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Welcke v. Trageser

Supreme Court of New York, Appellate Division

April 8, 1909


Appeal from Special Term, New York County.

Action by Adelheid Welcke, Augusta Werrick, and Emma Taylor against William C. Trageser, Albert F. Trageser, and the John Trageser Steam Copper Works. From an order denying their motion to strike out certain parts of the complaint as irrelevant and to have the complaint made more definite and certain, defendants appeal. Reversed.

[116 N.Y.S. 163] Robert K. Walton (John S. Parker, on the brief), for appellants.

Joseph H. Hayes, for respondents.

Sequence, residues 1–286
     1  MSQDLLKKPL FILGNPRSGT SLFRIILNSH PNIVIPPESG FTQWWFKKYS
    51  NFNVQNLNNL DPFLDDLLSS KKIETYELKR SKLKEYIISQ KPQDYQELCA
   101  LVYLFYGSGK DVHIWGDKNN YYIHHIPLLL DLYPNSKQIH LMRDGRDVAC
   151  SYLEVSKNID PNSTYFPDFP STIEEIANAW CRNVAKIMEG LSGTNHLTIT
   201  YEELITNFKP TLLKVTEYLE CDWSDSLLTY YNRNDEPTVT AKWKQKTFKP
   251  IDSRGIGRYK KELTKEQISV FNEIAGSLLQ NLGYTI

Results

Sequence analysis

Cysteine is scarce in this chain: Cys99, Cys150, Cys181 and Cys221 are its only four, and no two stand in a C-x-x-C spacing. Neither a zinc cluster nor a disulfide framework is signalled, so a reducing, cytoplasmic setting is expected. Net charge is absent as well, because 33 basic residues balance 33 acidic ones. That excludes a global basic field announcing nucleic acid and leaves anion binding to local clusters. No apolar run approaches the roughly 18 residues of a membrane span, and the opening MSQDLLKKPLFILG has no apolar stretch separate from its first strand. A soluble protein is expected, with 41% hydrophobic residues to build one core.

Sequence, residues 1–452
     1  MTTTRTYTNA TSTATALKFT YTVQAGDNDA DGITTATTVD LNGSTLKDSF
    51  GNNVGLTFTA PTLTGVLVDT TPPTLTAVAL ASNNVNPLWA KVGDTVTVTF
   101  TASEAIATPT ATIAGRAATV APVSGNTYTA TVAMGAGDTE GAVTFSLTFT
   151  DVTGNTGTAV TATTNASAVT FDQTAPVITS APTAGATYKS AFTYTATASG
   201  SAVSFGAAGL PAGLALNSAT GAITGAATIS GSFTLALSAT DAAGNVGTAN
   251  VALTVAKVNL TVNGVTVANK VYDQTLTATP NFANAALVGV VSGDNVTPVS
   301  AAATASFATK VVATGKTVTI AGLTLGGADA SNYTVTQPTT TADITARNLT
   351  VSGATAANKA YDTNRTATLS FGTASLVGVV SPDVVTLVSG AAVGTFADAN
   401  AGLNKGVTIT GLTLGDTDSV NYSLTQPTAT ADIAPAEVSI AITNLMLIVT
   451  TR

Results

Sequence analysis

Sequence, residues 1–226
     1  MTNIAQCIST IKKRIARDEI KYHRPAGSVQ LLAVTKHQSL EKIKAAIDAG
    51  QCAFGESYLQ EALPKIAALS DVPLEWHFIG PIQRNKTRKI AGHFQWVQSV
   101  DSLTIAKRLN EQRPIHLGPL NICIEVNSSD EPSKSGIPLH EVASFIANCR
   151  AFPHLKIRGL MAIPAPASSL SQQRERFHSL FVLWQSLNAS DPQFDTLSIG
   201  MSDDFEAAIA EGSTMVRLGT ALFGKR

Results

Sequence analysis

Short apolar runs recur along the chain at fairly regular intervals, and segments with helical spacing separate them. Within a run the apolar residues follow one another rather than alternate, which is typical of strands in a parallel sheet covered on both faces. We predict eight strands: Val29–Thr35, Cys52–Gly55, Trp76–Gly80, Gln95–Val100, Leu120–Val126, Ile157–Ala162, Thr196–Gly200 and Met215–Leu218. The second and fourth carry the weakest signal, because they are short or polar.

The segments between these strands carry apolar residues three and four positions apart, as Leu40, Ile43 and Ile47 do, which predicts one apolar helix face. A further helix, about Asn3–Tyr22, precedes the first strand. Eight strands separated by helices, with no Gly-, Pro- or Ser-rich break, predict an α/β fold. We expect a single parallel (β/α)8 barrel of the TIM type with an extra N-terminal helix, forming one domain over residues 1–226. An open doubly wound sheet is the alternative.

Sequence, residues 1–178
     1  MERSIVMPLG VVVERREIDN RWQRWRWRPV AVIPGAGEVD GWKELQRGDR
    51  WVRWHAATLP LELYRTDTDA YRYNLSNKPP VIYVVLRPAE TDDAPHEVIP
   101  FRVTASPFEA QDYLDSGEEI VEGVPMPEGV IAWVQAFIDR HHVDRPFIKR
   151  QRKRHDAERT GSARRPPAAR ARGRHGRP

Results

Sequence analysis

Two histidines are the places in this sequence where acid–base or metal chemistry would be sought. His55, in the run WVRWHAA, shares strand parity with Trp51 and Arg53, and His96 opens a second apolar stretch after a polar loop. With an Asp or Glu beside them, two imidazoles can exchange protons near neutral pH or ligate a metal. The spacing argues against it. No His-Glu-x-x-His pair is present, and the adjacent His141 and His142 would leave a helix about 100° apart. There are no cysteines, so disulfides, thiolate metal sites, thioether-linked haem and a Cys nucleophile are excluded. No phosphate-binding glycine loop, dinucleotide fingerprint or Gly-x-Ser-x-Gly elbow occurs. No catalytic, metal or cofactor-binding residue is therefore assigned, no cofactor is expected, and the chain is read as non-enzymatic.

The object of this action is to have a conveyance of certain premises described in the complaint, made by Augusta Trageser to the defendant corporation on the 17th day of May, 1906, declared fraudulent and void, and to compel a reconveyance of the same for the benefit of her estate to a trustee to be designated by the court, to hold in trust as provided in the twelfth paragraph of the will of said Augusta Trageser until it vests in fee simple absolute in the devisees therein named. The three plaintiffs and the two individual defendants are brothers and sisters. The grantor, whose conveyance is sought to be set aside, was their mother. She died on the 21st day of June, 1907, leaving a last will and testament bearing date the 26th day of May, 1903, and a codicil thereto executed on the 21st day of February, 1906. She named her sons, the defendants, her executors. The will and codicil were duly admitted to probate, and letters testamentary were duly issued to the individual defendants as executors. By the twelfth clause of her will, the decedent devised the premises in question to her executors in trust, to collect the rents, issues, and profits thereof, and to pay over the same to five of her children, the plaintiffs and the individual defendants in this action, until a grandson named in the will should attain the age of 21 years, at which time the trust was to terminate and the beneficiaries of the income were to take the remainder in equal shares, the executors being empowered, however, to sell and divide the property between the beneficiaries on the death of the grandson before attaining his majority or at an earlier date, if they deemed it for the best interests of the beneficiaries. The defendant corporation was founded in 1850 to take over a business established by the father of the individual parties to this litigation. The entire capital stock was issued to their father and mother and to the two sons, the defendants herein. At the time of the execution of the conveyance sought to be set aside in this action, all of the capital stock was owned by the mother and the two sons, and they together constituted the entire board of directors. Prior to that time, the company occupied part of the premises under a lease for which they paid decedent a monthly rental of $1,666.66. The plaintiffs allege that this conveyance was not the free, voluntary act of their mother, who was then 80 years of age, but was made against her will, in opposition to her intention to retain the property as a source of income for plaintiffs, to whom she had been accustomed to give part of the rentals; that it was not needed for the business of the company; that it rendered nugatory the devise and trust provided for in the twelfth paragraph of her will; that the individual defendants took advantage of the business relations and blood relationship existing between them and their mother, and dominated and controlled her, " and by overreaching, [116 N.Y.S. 164] undue influence, coercion, and compulsion procured from their mother" the conveyance; that for the purpose of concealing the transaction the company continued to pay rent to their mother, as before, and the insurance policies on the buildings which stood in her name were not changed, and that the individual defendants, in thus procuring the execution of the deed by their mother, were aware of the provisions of her will with respect to the premises.